Mothers Day IV Nate Beeler The Columbus Dispatch

Cartoon used by permission: Nate Beeler, The Columbus Dispatch

****

BOOKS BY THE AUTHOR ON SALE NOW AT AMAZON!

THE FETUS CHRONICLES: PODCASTS FROM MY MISEDUCATED SELF

“Eleanor Tomczyk’s latest book shares deep insights and absurdly hilarious moments Tomczyk has collected from her life. She presents her unique humor and perspective through a fantastic conceit: podcasts to her unborn self.

“Tomczyk’s voice and cutting commentary travel back through the decades and into the womb. She’s here to tell her baby self all the things she should know about the world and all the lessons she will learn.

“Eleanor L. Tomczyk advises her fetus self on everything from the dangers of douching to the use of words as deadly weapons. Special podcast guest stars range from Tomczyk’s Aunt Lily—“Church Lady Extraordinaire”—to her own eyes and other body parts. When her children follow the “Little Barbarian Manifesto,” and her own organs start reminding her about the passing of time, all the reader can do is laugh out loud.”

MONSTERS’ THROWDOWN

FLEEING OZ

****

Unauthorized use and/or duplication of this material without express and written permission from this blog’s author and/or owner is strictly prohibited. Excerpts and links may be used, provided that full and clear credit is given to Eleanor Tomczyk and “How the Hell Did I End Up Here?” with appropriate and specific direction to the original content.

 
4 Comments

Posted by on May 9, 2017 in Uncategorized

 

Tags: , , , ,

BAD MOTHERS

Do you know what I discovered this week? I actually agreed with . . . wait for it . . . wait for it . . . Rush Limbaugh! Ugh! He was cheering the actions of Toya Graham (Baltimore Mom) that saved her son from—at the very least—doing something really, really, stupid and going to jail and at the very worst, getting himself killed, when he picked up a brick to throw it at the police. (His mother had told him to come straight home after school and not attend the protests.) Limbaugh was quick to add to his praise that it wouldn’t take more than a nano-second before some bleeding-heart liberal criticized the Baltimore Mom for “smacking” her sixteen-year-old son and accusing her of “child abuse.” Well, Lord have mercy, that is exactly what happened! My newfound liberal compadres started raising a ruckus—calling Baltimore Mom a “bad mother”—falling short of calling Child Protective Services on the poor woman. As Limbaugh screamed, “I told you so,” the fact that he and I were on the same page about something made me vomit in my mouth—if only just a little bit.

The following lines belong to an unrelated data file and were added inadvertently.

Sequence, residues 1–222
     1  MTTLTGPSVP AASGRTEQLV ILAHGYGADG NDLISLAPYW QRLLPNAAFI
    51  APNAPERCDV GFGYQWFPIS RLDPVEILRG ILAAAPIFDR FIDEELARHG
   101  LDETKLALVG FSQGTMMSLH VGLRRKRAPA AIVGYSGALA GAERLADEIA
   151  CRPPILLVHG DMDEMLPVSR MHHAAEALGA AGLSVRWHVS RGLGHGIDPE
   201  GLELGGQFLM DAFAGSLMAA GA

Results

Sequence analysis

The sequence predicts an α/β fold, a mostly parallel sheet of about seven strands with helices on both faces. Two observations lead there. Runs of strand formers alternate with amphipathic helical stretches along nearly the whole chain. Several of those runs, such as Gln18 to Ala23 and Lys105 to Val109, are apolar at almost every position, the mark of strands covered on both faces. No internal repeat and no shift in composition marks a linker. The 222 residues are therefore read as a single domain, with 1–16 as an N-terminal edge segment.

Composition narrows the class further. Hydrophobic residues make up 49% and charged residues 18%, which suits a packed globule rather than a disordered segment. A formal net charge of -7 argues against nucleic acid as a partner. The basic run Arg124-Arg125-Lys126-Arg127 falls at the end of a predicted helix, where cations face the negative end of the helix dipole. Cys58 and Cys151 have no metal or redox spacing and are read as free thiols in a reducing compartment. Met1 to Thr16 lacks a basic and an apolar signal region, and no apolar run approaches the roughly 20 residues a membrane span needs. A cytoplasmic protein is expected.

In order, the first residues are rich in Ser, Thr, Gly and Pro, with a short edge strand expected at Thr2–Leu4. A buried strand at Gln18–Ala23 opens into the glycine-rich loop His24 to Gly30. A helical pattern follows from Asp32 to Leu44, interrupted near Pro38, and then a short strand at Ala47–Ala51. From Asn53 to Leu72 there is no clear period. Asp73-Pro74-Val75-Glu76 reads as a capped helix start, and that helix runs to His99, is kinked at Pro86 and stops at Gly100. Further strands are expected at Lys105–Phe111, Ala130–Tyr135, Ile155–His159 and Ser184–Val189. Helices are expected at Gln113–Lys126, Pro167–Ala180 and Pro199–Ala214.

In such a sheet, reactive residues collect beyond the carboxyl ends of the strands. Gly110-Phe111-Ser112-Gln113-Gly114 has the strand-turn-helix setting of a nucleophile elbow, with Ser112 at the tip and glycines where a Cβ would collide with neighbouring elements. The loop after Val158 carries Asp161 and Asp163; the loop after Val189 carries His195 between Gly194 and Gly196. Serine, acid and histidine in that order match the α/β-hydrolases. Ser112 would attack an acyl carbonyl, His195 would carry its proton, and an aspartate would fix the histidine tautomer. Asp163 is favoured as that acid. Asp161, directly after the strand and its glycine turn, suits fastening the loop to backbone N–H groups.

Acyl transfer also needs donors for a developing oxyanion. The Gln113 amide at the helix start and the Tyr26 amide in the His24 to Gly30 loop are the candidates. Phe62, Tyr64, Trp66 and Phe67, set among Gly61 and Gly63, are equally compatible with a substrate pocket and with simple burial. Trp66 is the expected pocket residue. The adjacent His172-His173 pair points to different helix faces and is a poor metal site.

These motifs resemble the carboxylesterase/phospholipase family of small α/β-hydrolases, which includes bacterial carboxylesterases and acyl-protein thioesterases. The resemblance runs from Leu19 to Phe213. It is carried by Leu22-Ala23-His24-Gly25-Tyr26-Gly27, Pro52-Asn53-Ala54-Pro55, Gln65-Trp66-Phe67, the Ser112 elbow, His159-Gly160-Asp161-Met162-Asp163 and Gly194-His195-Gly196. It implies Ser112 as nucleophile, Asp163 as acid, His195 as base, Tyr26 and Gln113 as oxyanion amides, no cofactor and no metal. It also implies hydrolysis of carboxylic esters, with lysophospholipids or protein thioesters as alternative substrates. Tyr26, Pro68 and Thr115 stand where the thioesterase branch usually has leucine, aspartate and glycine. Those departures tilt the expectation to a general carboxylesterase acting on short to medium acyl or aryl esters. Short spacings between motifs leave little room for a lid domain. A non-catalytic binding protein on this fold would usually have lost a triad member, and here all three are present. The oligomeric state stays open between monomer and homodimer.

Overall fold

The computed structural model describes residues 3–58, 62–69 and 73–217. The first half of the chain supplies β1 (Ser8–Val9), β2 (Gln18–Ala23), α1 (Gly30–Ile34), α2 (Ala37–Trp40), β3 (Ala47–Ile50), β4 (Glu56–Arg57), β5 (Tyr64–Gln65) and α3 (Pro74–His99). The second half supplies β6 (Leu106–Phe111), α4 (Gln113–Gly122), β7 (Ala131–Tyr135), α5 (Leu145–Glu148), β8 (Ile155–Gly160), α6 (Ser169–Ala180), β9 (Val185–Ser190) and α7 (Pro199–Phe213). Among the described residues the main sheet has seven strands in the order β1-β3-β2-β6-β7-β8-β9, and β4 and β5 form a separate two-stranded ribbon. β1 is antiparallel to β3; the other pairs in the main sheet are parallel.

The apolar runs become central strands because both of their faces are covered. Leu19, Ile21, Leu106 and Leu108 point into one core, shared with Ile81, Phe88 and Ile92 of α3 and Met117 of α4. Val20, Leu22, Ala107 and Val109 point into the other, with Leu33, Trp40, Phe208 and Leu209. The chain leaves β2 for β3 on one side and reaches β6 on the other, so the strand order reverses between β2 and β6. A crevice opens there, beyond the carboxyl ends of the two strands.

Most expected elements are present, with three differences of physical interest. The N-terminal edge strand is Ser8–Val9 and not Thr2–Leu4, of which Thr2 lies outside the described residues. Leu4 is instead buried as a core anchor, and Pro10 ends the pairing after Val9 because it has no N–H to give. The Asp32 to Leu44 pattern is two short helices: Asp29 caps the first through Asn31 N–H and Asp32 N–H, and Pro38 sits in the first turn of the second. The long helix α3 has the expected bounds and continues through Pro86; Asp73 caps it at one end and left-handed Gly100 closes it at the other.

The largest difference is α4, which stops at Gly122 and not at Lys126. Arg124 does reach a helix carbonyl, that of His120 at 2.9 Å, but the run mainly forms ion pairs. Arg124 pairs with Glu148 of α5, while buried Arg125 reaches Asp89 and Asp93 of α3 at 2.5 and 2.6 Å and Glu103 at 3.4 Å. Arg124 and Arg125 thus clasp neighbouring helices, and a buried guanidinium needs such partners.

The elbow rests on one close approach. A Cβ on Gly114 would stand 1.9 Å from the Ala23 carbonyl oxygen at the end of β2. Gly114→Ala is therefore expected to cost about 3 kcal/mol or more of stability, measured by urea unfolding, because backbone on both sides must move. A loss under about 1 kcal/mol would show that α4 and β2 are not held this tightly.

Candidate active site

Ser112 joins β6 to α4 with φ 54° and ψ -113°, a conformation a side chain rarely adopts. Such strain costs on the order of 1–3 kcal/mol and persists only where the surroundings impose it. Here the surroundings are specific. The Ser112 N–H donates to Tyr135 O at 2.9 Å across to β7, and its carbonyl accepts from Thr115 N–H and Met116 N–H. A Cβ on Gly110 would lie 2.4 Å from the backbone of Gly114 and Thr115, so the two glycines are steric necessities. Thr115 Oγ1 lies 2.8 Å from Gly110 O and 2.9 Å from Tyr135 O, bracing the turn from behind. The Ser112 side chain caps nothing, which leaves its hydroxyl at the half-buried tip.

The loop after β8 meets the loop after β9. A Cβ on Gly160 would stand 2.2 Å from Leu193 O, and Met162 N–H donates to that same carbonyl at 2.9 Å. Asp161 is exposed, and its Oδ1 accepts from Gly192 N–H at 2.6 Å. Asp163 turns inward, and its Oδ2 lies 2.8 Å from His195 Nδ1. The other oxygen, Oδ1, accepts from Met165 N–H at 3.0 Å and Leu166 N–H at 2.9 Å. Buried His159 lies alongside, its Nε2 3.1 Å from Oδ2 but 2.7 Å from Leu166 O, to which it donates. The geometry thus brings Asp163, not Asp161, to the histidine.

Baltimore Mom Nate Beeler The Columbus

Cartoon used by permission: Nate Beeler The Columbus

COMMENTS BY BALTIMORE MOM WHEN INTERVIEWED BY VARIOUS NEWS ORGANIZATIONS AFTER SMACKING HER CHILD UP SIDE HIS HEAD AND OSTENSIBLY SAVING HIS LIFE

“I’m a no-tolerant mother. Everybody who knows me, knows I don’t play that. He knew. He knew he was in trouble.

“That’s my only son and at the end of the day I don’t want him to be a Freddie Gray. I was angry. I was shocked, because you never want to see your child out there doing that.

“Is he a perfect son? No! But he’s my son!

***

After I got over the shock of having been in lock-step with Rush Limbaugh on a subject matter (Lord Jesus, come soon; I don’t know if my heart can take this), I picked myself up off the floor and decided to write a letter to all those liberal columnists and commenters who labeled Baltimore Mom a bad mother. I sent the letter as a Black mother who has successfully raised two grown kids who survived my parenting and me their crazy teenage years.

Baltimore Mom Cartoon Credit cartoonist

Cartoonist Mike Luckovich, Atlanta Journal-Constitution

Dear Fellow Liberals:

We haven’t known each other very long. I used to be an oxymoron—a card-carrying Black, Conservative, Christian, Republican. I recently joined your ranks after being totally and utterly scandalized by my former conservative friends (see upcoming book Fleeing Oz, launching May 20th).